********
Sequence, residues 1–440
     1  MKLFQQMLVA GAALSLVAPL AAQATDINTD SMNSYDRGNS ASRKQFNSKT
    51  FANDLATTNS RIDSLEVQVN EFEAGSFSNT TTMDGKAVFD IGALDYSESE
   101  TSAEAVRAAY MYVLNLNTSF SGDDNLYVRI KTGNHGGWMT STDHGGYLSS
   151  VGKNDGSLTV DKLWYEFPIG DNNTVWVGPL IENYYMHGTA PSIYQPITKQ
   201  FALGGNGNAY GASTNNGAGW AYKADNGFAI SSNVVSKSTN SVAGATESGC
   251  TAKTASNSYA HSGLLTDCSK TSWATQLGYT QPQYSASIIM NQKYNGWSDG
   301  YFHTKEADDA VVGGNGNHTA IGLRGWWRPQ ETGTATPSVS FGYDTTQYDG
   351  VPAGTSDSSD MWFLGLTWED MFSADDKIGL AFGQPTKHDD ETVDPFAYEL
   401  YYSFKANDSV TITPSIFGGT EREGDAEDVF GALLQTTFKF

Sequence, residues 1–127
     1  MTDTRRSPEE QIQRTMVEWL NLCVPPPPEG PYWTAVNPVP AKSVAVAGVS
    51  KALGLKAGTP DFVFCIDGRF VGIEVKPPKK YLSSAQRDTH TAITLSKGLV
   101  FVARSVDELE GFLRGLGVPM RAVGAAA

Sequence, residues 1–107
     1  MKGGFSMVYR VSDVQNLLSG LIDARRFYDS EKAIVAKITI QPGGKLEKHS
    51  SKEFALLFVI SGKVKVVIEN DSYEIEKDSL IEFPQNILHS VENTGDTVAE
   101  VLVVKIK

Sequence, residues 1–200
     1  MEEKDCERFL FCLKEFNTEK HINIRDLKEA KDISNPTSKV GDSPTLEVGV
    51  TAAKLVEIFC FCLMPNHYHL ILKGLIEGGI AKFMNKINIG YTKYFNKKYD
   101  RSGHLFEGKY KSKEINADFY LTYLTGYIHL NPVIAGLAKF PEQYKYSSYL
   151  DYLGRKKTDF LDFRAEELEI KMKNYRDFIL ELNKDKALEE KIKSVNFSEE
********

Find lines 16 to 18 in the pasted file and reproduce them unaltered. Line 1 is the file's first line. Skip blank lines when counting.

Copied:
     1  MKGGFSMVYR VSDVQNLLSG LIDARRFYDS EKAIVAKITI QPGGKLEKHS
    51  SKEFALLFVI SGKVKVVIEN DSYEIEKDSL IEFPQNILHS VENTGDTVAE
   101  VLVVKIK